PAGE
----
Soweto comprises of many black residential townships and is located in south western Johannesburg in South Africa. It is home to over 2 million people.
As Johannesburg grew with the advent of 'gold fever' so did the population of migrant black mineworkers who came from all over in search of work - Soweto (an acronym for So
uth - We
wnships) was built to accommodate them in the early 1900's. This was the beginning of what was to become a vast urban sprawl as more and more desperate unemployed people arrived in the hope of securing a job.
Soweto is now made up of 32 different "townships" clustered together, with a vibrant mix of cultures and tribes represented here; it is the largest black township of its kind in the country. Urban renewal has taken place creating great contrasts between the have's and the have not's, the old and the new, a co-existence of Sowetan millionaires and humble traders.
Despite unemployment and lack of basic facilities in some areas, the people have a strong sense of community.
Homes here also reflect incredible contrasts with tiny shacks rubbing shoulders with large mansions; many leaders have resided here at some time or another including 2 Nobel Peace Prize winners
. Baragwaneth Hospital, which is thought to be the largest hospital in the southern hemisphere, is located in Soweto although traditional healers are widely consulted by the local residents.
Visitors can visit famous sites of struggle during the apartheid years. The Soweto Uprisings occurred in 1976
; tragically a 12-year-old boy was shot dead during the riots. A newspaper photographer took a famous photograph of fatally wounded Hector being carried out of the crowd, this photograph came to symbolise this day.
16 June is now a national holiday and day of remembrance called Youth Day, and the Hector Pieterson Museum here is named after the boy. The Regina Mundi Catholic Church is where fleeing students took shelter and many liberation plots were hatched. In the past Vilikazi Street was the home of Nelson Mandela and Desmond Tutu.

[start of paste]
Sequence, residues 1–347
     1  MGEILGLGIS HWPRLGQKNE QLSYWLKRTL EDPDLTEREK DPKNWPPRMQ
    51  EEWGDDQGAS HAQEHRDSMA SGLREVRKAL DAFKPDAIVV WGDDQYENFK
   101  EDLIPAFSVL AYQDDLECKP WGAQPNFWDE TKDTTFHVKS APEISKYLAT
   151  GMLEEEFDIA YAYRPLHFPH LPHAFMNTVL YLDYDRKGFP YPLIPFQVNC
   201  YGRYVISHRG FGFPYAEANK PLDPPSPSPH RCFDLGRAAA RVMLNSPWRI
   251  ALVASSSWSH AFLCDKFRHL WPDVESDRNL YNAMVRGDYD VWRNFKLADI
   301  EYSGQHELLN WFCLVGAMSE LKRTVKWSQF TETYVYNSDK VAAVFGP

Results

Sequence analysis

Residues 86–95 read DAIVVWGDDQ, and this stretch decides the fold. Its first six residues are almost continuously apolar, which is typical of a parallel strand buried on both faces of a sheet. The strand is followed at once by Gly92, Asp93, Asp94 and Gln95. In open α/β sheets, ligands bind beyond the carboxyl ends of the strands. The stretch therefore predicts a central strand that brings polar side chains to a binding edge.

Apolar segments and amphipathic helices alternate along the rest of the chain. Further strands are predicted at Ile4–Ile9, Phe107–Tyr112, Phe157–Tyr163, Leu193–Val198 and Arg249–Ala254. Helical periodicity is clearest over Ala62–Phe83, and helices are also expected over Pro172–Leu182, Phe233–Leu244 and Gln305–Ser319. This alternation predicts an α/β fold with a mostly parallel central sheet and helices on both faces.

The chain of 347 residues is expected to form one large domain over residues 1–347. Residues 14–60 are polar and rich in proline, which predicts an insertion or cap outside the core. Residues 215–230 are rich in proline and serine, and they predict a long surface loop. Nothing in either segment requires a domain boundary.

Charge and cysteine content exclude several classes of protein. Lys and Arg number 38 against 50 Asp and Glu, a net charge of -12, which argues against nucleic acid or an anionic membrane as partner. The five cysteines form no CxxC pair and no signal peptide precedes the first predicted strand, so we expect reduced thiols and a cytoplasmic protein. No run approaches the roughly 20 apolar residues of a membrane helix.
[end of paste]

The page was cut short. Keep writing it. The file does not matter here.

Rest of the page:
Nelson Mandela House Museum represents an interesting aspect on the past and present. Today, Soweto is alive with business and plenty of tourism potential, although serious poverty and lack of amenities remains in many areas. Visitors can stay at any number of establishments from hotels to Bed & Breakfasts; even home stays can be arranged for interesting cultural insight.
Shebeen (pub) and Soweto township tours have become popular with visitors wanting to meet the local residents and discover for themselves the warm welcome and community spirit.
The Orlando Towers of Soweto are a landmark of these sprawling townships. They have become a tourist attraction and bungi jumping and swinging activities between the towers are available for the adventurous visitor.
Culinary choices range from exotic tagines, curries, Tandoori-style barbeques, and buffets to traditional South African dishes of vegetables and meat and fine-ground maize meal cooked to form a thick porridge-like texture called "pap" or "phutu". For the seriously adventurous traveller Mopane worms (type of caterpillar) in relish and other animal "specialities" can also be found. Soccer and cricket facilities have been established in Soweto. Soccer City in Nasrec Road is one of the biggest sports stadiums in South Africa and was the venue for the opening and closing soccer matches of the World Cup in 2010.